Massachusetts is a hotbed of zoning disputes. Modern zoning bylaws adopted by municipalities across the Commonwealth have inevitably spawned fights among neighbors over permits and other decisions made by local zoning boards. Typically, such disputes involve concerns over increased traffic, noise, overcrowding of land (a/k/a, “density”), open space, ocean views, and many other impacts. Navigating the murky waters of the law governing legal challenges to zoning board decisions can be challenging to those new to the world of Massachusetts zoning, particularly on issues of “standing” – i.e., whether a neighbor or other affected person or entity has the right make a legal challenge to a zoning board decision.
Modern zoning bylaws adopted by municipalities across the Commonwealth have inevitably spawned fights among neighbors over permits and other decisions made by local zoning boards.
If you do not satisfy the legal requirements for standing, you are prohibited from challenging a decision issued by a local zoning board. For example, if your neighbor obtains a special permit to build shopping center next door, you can file a court appeal of the permit only if you have legal standing. Standing is a threshold requirement, meaning that you cannot challenge the permit allowing the shopping center, even if the permit is illegal, unless you have standing.
1. Only parties aggrieved by a substantial and particularized injury have standing to appeal a local zoning board decision.
The rights of parties to appeal zoning board decisions are governed by a statute, Massachusetts General Laws Chapter 40A, Section 17. Under Section 17, only a “person aggrieved” by a decision of a local zoning board has standing to bring a court appeal of that decision. The question of standing, therefore, turns on the meaning of “aggrieved.” Under Massachusetts law, not every harmful impact caused by a zoning board decision is an aggrievement. To establish standing, the injury to the appealing party must be particular and different from the rest of the community, and the harm must be more than minimal or slightly appreciable. So, the mere fact that the new shopping center next door will significantly increase traffic on your street may not be enough to create standing, because the traffic affects your whole neighborhood, not just you. If, however, the new shopping center includes a traffic light that backs up traffic in front of your driveway, creating lengthy delays when leaving your home, that might be a substantial and particularized harm that creates standing.
But not every particularized harm will create standing. The law requires that the private interest the aggrieved party seeks to protect must be within the scope of the intended protections of the statute, Chapter 40A, or the local bylaw. Consequently, Massachusetts courts have generally rejected standing arguments based on the appealing party’s disapproval of architectural or visual elements of a project, except in cases where a local bylaw expressly requires the permitting board to consider the visual impact of a proposed structure. Moreover, it is common for an appealing party to argue that his/her/its property value will be diminished by a project approved under a zoning permit. Massachusetts courts have determined, however, that diminution of property value is not, alone, a ground for standing, otherwise any person challenging a zoning permit or other decision could get around the standing hurdle merely by asserting a loss of property value. The only exception is where a local zoning bylaw expressly is intended to protect property values, in which case a loss of property value may create standing.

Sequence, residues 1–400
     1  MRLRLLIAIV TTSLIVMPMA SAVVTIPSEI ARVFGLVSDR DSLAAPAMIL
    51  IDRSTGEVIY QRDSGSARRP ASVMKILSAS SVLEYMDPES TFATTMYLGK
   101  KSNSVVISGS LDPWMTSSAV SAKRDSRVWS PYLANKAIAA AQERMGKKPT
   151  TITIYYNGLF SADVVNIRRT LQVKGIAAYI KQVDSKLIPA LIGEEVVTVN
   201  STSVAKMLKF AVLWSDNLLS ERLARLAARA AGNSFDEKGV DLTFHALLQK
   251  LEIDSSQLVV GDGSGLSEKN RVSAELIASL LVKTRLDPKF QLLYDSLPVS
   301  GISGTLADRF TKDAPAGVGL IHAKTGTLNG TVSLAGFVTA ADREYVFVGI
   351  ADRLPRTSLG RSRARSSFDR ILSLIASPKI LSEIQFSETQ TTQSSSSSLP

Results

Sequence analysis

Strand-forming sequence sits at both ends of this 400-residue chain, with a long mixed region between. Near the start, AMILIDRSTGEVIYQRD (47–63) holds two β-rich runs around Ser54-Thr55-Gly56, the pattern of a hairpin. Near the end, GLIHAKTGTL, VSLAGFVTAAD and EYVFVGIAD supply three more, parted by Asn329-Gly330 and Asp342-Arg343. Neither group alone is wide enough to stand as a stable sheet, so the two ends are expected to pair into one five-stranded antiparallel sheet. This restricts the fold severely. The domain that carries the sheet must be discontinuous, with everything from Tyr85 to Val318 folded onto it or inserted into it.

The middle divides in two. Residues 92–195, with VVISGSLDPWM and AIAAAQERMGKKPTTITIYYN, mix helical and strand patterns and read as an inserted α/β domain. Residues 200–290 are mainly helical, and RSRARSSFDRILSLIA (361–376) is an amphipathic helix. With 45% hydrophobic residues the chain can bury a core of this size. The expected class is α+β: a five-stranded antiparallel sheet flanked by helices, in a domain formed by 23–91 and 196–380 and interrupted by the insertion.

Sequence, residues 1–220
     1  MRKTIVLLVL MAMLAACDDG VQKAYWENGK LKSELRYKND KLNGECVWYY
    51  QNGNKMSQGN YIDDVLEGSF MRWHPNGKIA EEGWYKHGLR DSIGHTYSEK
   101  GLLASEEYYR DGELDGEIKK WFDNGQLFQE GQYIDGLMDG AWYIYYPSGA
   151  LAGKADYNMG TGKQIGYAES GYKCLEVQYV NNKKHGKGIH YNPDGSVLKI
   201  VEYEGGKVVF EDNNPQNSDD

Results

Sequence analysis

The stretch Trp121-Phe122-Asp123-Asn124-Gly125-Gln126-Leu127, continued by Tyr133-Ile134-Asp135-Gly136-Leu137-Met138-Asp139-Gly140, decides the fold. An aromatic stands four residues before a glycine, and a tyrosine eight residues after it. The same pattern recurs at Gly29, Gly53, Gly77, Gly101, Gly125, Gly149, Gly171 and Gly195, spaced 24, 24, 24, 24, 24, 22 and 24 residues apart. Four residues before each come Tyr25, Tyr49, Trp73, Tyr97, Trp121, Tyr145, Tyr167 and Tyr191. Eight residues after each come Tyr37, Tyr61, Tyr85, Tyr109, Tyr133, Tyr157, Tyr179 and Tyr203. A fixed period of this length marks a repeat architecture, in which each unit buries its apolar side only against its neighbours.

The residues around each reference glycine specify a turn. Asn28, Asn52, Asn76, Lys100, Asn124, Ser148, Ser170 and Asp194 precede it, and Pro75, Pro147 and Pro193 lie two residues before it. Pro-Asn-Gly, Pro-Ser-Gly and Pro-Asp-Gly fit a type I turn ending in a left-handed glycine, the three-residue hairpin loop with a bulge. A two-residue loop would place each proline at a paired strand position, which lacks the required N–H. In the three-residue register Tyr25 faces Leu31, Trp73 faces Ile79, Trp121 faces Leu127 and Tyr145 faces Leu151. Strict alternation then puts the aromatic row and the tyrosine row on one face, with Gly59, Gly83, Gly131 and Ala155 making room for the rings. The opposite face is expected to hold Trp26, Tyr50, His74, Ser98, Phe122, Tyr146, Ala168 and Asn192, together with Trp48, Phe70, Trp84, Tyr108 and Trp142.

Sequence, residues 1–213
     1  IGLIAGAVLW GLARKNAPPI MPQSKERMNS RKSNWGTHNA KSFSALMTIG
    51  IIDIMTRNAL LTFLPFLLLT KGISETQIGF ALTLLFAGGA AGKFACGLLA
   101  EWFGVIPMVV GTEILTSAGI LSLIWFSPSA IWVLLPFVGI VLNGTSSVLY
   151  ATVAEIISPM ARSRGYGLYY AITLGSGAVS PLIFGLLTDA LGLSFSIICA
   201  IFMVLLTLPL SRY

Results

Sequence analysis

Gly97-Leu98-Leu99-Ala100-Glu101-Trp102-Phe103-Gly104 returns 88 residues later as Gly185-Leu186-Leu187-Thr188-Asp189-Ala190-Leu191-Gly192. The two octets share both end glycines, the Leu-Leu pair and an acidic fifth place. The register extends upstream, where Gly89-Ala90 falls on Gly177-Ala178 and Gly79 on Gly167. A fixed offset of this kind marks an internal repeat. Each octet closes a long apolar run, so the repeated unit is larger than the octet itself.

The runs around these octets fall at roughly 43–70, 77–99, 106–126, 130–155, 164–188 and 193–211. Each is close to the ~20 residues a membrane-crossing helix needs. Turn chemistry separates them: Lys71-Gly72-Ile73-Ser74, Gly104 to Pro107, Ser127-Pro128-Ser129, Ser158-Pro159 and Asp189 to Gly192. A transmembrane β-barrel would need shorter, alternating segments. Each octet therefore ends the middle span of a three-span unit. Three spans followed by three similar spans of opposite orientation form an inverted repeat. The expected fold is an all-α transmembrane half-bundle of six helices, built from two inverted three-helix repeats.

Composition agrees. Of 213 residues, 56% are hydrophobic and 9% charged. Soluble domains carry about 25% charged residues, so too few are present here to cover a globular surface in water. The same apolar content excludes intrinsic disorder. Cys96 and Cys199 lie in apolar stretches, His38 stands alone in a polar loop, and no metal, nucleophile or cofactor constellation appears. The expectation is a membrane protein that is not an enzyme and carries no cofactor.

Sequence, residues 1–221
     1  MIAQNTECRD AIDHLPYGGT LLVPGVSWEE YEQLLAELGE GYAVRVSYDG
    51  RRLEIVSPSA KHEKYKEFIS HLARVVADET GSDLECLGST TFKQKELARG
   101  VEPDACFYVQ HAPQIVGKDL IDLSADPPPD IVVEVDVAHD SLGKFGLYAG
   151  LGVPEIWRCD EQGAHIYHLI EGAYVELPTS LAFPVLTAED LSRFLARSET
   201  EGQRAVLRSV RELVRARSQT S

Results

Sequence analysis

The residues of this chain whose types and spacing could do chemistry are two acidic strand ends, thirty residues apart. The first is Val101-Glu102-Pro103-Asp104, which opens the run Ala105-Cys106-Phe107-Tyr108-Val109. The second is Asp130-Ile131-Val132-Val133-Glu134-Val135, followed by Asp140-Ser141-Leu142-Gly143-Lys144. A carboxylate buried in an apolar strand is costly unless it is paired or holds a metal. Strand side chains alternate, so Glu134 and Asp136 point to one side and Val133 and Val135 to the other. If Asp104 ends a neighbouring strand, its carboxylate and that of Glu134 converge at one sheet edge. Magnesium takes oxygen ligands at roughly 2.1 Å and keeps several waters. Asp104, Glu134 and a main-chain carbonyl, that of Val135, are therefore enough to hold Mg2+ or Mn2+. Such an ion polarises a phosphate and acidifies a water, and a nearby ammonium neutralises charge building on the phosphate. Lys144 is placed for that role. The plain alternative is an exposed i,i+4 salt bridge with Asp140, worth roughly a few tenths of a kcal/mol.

What are the private interests that do create standing? There is no bright line test, and the issue requires consideration of the particular facts presented, Chapter 40A, and the applicable local zoning bylaws. Impacts such as significant noise, dust, odors, loss of light and air, increased traffic, reduced public parking, and overcrowding of land may create standing, although this list is not exhaustive. Conversely, concerns over aesthetics, appearances, architecture, etc. typically will not create standing, absent a local zoning bylaw that protects such concerns.
2. Abutters enjoy a rebuttable presumption of standing.
Under the law, any abutter to land that is subject to a zoning board decision enjoys a “rebuttable presumption” of standing, meaning that the abutter does not have to prove standing unless and until the defending party offers evidence showing there is no substantial particularized harm to the abutter. If the defending party does offer such evidence, then the burden of proof shifts to the abutter. Evidence of the abutter’s speculative personal opinions about the impacts of the board’s decision is not enough. Instead, proof of standing must be shown by facts, often through sworn statements or testimony of experts.
It is not unusual for a court to dismiss an appeal of a zoning board decision early in the case if the appealing party lacks standing. Accordingly, even though an abutter has the presumption of standing, the appeal may be dismissed in short order if the defending party offers evidence to rebut the presumption, and the abutter is not prepared to meet the burden of proof to establish standing.
Anyone faced with a question of standing in bringing or defending against an appeal of a local zoning board decision is well-advised to consult with an attorney to discuss the attending facts in the context of the applicable zoning law and local bylaws.